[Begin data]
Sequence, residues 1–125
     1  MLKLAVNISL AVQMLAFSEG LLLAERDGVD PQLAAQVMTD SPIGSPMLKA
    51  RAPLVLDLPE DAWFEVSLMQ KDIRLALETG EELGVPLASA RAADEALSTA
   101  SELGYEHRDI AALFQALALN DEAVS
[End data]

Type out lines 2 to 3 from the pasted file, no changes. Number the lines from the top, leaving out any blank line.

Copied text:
     1  MLKLAVNISL AVQMLAFSEG LLLAERDGVD PQLAAQVMTD SPIGSPMLKA
    51  RAPLVLDLPE DAWFEVSLMQ KDIRLALETG EELGVPLASA RAADEALSTA